For years, Thor kept the same short-haired look in the comics, much like he did in the movies. In the recent Donny Cates and Nick Klein Thor series, his hair has returned to its longer length, something which coincidentally matches the movies as well.
Darkseid isn’t really known for a lot of drastic costume changes, as usually, Jack Kirby’s costumes are near-perfect designs. This is one of the reasons it was such a shock in the New 52’s opening Justice League arc that he had a new costume. This look would stay around for years but after the Snyder Cut of Justice League showed a more classic look for Darkseid, DC followed suit in Infinite Frontier #0.
Returned to his original look and drawn by the inimitable John Romita Jr. in his last work for DC, this return to form for the God of Evil looked amazing, even keeping the darker colors of Darkseid’s DCEU version.
Movie Hawkeye is another character who took his cues from The Ultimates, as his costume in 2012’s The Avengers was basically the Ultimate Universe Hawkeye costume. This would presage changes for the comic Hawkeye, as his fully masked, royal purple costume would be discarded for a look that was more in line with the movies.
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While his comic costume and movie costume were never exactly alike, the fact that he lost such a classic costume design as the one he’d worn for years in the comics when the movie was more than a coincidence. One thing that hasn’t changed is his dedication to being a hero.
WandaVision finally gave Scarlet Witch a costume that was more in line with the comics. The ultra-powerful Avenger has been recently seen in a costume that is more like the one introduced in the MCU, down to the changes in her headdress. It’s probably the biggest change to the comic costume and just a weird one to make in general.
While on the one hand giving Scarlet Witch in the MCU a more comic-accurate costume finally is nice, making changes to her current costume, as seen in the teasers for the Darkhold story, is just kind of bizarre.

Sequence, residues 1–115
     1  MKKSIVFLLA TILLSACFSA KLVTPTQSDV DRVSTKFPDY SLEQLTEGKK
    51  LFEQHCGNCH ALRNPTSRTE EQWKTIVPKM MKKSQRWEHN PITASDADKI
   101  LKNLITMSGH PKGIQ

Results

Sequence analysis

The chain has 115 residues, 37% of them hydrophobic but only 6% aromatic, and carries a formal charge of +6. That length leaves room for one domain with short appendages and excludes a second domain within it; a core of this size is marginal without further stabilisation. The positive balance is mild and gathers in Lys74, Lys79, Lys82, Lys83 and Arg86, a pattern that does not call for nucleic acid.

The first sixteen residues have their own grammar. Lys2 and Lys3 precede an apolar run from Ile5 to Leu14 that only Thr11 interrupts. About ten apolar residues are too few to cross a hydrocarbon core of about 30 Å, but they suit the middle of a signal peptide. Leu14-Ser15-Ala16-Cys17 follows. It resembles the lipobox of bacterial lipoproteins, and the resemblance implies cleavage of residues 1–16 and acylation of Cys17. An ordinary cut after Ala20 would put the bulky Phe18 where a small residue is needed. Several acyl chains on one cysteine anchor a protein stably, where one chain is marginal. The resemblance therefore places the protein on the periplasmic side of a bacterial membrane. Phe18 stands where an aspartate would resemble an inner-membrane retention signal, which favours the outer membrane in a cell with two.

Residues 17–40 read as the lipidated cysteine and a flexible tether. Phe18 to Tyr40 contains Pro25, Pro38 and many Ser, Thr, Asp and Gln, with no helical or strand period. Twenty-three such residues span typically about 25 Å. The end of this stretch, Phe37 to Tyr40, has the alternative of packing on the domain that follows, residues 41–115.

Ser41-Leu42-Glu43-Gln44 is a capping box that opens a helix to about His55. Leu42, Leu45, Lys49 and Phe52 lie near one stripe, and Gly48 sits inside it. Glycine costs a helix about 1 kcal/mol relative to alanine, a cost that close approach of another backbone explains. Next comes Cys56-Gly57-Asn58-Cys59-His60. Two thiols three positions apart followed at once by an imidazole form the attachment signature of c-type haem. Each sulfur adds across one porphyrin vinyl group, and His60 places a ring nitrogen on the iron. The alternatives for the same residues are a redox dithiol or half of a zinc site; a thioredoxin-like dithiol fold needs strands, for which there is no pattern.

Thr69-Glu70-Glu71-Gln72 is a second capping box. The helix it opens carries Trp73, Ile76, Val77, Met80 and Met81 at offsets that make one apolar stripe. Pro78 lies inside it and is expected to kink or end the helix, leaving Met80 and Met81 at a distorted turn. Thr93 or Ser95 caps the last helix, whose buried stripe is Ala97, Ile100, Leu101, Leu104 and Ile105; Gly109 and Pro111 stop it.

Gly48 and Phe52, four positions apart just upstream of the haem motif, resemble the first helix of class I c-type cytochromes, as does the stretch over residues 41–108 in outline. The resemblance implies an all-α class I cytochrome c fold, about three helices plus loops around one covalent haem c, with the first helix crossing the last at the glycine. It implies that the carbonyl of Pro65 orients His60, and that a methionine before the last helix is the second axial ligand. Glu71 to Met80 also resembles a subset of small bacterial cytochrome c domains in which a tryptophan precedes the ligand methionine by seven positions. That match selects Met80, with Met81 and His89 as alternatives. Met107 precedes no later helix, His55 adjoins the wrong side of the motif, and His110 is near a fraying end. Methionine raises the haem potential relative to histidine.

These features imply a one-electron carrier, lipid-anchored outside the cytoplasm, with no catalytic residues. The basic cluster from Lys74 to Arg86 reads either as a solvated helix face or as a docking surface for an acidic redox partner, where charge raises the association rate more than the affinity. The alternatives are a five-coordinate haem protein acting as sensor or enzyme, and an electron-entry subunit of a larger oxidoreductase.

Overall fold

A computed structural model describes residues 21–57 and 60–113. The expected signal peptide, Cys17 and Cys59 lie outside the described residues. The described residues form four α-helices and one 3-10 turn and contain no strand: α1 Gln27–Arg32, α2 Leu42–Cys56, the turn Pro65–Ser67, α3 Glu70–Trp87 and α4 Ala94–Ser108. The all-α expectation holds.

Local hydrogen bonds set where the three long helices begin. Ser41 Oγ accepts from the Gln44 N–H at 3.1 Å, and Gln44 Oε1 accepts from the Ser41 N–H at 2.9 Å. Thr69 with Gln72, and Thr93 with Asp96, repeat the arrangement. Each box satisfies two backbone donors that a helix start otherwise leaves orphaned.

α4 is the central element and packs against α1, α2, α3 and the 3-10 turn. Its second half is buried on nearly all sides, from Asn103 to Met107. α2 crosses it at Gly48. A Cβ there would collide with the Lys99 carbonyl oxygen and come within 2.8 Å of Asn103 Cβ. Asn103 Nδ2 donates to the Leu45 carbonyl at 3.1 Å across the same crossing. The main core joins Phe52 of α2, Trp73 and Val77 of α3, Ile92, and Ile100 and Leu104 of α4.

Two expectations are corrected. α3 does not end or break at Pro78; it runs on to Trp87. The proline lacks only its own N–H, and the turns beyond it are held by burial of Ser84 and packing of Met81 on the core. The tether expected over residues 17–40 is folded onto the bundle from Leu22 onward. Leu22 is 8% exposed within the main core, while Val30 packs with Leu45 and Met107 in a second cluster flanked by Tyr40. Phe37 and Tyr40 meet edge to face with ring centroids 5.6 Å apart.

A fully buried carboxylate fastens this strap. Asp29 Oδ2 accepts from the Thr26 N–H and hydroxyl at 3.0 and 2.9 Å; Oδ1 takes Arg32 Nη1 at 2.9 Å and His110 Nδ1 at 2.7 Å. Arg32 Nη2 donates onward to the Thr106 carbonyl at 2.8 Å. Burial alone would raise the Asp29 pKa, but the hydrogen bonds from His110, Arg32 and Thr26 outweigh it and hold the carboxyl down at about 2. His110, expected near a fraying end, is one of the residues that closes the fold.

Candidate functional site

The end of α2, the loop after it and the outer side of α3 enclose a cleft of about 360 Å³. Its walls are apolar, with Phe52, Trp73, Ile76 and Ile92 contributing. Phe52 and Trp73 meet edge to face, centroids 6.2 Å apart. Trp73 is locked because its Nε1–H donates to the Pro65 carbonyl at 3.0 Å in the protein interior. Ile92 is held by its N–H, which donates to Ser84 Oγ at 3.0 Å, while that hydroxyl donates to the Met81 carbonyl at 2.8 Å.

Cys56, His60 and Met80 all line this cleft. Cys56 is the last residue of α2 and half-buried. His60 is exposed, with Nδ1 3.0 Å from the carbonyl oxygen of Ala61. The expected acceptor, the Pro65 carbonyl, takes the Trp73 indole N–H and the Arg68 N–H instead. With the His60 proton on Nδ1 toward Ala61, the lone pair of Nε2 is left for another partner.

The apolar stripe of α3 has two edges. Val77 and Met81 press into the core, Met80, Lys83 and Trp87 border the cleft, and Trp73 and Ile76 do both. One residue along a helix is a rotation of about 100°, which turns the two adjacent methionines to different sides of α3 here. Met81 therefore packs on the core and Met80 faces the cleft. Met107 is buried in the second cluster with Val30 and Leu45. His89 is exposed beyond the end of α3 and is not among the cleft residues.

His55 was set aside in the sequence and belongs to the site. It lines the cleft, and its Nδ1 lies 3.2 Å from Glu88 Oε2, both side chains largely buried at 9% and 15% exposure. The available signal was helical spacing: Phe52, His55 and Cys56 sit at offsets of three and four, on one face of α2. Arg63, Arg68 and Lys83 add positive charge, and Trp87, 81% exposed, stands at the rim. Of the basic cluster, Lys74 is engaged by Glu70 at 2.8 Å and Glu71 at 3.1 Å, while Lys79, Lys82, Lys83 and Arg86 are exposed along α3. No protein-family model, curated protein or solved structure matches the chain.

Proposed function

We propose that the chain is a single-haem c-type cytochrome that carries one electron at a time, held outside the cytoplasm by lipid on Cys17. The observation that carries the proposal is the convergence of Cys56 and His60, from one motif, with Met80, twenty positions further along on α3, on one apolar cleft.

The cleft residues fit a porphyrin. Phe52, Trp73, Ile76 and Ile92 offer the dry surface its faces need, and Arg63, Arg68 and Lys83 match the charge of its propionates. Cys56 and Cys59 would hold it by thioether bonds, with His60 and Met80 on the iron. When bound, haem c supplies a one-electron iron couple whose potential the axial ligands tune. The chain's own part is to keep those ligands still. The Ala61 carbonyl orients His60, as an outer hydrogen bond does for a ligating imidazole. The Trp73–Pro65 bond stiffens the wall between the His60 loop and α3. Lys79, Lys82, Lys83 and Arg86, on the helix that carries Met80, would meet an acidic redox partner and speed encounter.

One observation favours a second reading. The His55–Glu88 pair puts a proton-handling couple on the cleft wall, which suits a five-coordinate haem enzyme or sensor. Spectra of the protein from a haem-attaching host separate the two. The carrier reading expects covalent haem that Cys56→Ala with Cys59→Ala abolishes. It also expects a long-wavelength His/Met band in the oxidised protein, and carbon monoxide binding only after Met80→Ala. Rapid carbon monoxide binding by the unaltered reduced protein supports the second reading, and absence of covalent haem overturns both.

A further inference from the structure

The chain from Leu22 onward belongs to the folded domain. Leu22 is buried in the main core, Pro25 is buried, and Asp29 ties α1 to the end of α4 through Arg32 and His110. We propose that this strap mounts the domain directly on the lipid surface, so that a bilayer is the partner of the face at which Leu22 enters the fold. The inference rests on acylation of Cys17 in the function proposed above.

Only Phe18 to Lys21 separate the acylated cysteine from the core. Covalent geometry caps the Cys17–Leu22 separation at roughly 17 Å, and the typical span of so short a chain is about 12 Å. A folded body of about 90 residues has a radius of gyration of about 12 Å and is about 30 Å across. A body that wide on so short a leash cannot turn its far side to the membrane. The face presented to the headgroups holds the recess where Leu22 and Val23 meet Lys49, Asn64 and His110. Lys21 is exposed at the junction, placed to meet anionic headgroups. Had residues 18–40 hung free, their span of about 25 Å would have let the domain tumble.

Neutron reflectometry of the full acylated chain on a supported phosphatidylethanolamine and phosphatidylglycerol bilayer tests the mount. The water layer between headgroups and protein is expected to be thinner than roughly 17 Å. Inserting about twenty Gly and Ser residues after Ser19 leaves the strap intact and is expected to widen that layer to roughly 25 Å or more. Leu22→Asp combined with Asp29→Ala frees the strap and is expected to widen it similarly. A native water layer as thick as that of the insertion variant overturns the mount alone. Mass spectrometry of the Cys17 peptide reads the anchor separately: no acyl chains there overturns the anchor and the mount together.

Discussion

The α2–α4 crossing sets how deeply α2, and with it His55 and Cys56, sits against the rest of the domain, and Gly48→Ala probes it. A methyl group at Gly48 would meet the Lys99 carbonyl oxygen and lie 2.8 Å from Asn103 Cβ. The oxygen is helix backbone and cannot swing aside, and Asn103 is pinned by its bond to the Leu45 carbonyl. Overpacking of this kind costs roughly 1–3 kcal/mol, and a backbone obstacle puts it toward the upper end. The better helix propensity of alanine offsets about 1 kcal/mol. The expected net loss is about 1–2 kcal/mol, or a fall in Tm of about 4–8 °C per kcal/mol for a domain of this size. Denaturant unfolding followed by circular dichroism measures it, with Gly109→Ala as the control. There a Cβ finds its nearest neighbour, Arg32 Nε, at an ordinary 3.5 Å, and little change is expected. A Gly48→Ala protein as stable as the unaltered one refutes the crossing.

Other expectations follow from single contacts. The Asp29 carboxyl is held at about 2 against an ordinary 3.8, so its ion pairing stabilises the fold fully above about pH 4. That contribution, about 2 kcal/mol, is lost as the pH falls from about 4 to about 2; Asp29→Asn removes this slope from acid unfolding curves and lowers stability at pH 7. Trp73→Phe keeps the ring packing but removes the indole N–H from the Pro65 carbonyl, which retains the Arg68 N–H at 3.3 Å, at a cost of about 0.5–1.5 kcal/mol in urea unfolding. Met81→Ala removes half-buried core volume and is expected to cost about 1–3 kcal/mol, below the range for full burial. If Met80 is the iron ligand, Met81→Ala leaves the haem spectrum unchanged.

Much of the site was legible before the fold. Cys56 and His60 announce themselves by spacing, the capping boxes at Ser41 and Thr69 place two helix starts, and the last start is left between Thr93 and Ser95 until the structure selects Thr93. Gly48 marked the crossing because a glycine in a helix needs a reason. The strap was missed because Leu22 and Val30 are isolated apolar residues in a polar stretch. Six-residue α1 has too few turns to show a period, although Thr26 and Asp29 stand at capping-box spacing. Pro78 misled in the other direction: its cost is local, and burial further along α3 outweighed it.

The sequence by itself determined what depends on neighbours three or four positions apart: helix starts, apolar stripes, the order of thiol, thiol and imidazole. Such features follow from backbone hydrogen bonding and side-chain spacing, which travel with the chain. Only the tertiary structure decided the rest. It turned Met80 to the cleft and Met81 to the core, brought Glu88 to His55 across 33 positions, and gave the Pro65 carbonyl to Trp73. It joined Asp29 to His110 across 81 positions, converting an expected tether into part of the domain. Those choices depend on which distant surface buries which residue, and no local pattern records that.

Most comic fans remember the comic-accurate costume from Captain America: The First Avenger and how it was basically mocked by the movie. The resulting costume took cues from the Ultimate Universe costume, highlighting the differences between movie and comic Cap, and those cues would be taken over to the 616 Universe in the post-Avengers Vs. X-Men Marvel NOW! soft reboot.
While the costume looked tougher and more militaristic, the loss of the classic wings on his helmet, the helmet replacing the cowl, and the lack of visible chain mail was a bit off-putting to comic readers. His costume has since gone back to normal in the comics.
The Fox X-Men movies went out of their way to also mock the comic costumes of the team, and the comics would soon follow suit. When Grant Morrison and Frank Quitely took over X-Men, rechristening it New X-Men and beginning that classic run, their X-Men went from the more colorful costumes of before to something that looked like the movies.
While they weren’t exactly the same and Morrison made sure to include a reason for the change in the comic that makes more sense than any of the myriad MCU costumes changes of latter years, a lot of fans missed the old costumes.
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David Harth has been reading comics for close to 30 years. He writes for several websites, makes killer pizza, goes to Disney World more than his budget allows, and has the cutest daughter in the world. He can prove it. Follow him on Twitter- https://www.twitter.com/harth_david.